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GR tutorial guidance.
I came across GR as I was looking for a really solid rendering solution with a reasonable price.
From the looks of things, this looks to be a really solid choice for the work I do. But it seems hard to find really good information and tutorials to learn how to use it. I am somewhat accustomed to node graphs from software like Shake, Nuke and Maya, but really confused with the node system for this one.
Any guidance or direction would be much appreciated, as I think this could be a really solid choice for me.
Re: GR tutorial guidance.
- Right mouse button/Create/Reference
- Select your alembic
- Choose a namespace
Your abc is now in Guerilla.
Go in Library tab/lights and drag and drop Skylight into Browser.
Move in your scene, click on progressive icon (the lightning between "HD" and the cube) and do Ctrl+R (render), you should see your object lighted with a neutral sky lighting.
Go into the RenderGraph. Nodes are non destructive attribut modifications.
Select any object, you will see your node highlighted.
If you mouse the mouse over each node, you see, on top left, the modification each node apply.
- "All" is a Tag node and the Output of this node is "all your scene"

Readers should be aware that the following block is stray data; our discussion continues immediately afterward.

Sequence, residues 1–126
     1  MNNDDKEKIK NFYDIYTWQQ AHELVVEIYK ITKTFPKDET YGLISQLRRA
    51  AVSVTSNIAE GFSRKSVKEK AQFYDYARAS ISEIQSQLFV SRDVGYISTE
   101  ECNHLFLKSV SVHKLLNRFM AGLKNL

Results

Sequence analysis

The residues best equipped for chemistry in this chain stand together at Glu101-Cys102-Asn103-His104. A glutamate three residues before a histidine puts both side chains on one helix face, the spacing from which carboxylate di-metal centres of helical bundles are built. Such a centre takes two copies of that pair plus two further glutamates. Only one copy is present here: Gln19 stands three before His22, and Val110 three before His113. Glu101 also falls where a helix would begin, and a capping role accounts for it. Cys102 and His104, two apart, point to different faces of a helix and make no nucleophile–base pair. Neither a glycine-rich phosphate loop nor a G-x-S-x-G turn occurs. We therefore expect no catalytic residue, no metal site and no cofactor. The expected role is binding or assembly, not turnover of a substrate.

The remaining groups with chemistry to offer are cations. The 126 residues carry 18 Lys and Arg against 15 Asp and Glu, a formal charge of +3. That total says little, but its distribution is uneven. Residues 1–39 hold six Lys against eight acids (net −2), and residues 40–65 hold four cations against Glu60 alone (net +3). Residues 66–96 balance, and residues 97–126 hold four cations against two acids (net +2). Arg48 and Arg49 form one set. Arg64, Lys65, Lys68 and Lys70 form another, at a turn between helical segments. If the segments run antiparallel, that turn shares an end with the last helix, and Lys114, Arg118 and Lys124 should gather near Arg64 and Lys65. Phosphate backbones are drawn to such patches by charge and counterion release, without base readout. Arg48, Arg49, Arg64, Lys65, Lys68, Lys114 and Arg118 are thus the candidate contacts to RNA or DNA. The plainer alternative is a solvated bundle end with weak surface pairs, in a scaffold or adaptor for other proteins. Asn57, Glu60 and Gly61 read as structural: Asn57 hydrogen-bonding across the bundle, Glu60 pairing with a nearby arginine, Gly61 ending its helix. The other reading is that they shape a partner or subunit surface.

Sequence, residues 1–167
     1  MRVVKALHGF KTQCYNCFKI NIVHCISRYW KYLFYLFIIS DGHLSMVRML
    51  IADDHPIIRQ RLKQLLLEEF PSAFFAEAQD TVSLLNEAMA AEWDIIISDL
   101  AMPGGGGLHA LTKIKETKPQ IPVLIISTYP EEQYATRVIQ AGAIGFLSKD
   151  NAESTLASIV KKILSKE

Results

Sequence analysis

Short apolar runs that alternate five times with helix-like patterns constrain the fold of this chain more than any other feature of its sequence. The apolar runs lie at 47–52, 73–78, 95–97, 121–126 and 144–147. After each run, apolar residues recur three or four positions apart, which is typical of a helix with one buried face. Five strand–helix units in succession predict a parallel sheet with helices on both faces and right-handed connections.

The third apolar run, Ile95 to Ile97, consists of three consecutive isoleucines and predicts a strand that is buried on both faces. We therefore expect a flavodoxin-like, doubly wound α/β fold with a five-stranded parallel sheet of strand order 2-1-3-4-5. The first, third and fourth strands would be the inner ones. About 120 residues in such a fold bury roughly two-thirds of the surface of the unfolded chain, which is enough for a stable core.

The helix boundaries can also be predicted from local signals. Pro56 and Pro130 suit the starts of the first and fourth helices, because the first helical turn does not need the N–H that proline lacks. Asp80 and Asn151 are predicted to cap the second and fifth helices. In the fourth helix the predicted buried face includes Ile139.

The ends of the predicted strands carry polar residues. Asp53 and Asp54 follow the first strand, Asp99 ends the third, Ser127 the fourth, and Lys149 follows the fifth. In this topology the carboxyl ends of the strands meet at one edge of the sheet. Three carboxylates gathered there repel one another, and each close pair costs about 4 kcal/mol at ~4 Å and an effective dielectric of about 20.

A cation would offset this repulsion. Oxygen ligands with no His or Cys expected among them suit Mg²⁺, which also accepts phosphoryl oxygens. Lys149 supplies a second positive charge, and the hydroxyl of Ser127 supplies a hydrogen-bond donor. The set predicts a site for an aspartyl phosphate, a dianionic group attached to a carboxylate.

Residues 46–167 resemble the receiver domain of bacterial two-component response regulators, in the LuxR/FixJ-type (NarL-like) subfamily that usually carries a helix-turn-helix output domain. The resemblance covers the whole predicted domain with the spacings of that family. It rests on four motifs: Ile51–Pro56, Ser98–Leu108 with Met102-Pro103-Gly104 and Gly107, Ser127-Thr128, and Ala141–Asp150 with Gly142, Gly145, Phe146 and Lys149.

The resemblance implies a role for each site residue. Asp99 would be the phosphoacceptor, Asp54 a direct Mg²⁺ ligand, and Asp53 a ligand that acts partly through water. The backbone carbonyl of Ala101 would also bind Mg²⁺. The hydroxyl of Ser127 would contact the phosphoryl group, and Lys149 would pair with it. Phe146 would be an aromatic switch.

- "Surface" apply the given material (Surface material by default).
- "Trace" is more tricky to understand but it set some trace set values to the object. For example, removing the Reflection trace set of an object will not render it into mirrors.
- "Lighting" is the same as "Trace" but for lights. Each light apply on particular trace set (open the SkyLight object and select Sky or Sun and you will see). This is specially usefull for eye lighting where you want eyes to be lighted by a specific light rig.
- "Layer" is one of the best feature in GR IMHO: You can put objects in particual layers, both in visible and matte. For now, it only apply to the layer named "Layer" (we will talk about this later).
- "Ouput" is obvious.
You can drag and drop other nodes from Library but you can also use Ctrl+Space to show the node picker (a list of every node avaible).
Go into "Node List", select a group into your object hierarchy and drag and drop into the RenderGraph view, this will create a Path node (which can be used as a Regular expression).
The other very important node is "Attribute". Do Ctrl+Space, write "attr" and press enter, this will create an Attribute node. Plug the previously created path node into its input and plug the output between "All" and "Surface". A new node will be created (a "binop"), select "override" This will override the values you set in the Attribute node for the group of object in the path node.
Select the Attribute node and set Subdivision/Subdivision Level to 2 and enable Smooth.
The attribute's names will became blue and there will be an orange "O" button on the right of each of them. This mean you've created an override. Now, what goes in the input of the Attribute node will be Ouputed with it's modified attributes.
Render, only the group you've selected should be subdivided. The whole Guerilla workflow is based on this simple and powerfull non destructive override principle. You should never modify node's attributes inside the Node List but only via RenderGraphs.
Once you want to move back to root you cann double click on an empty space to click on the "root" word in the left bottom "Root|RenderGraph" (like a hierachy).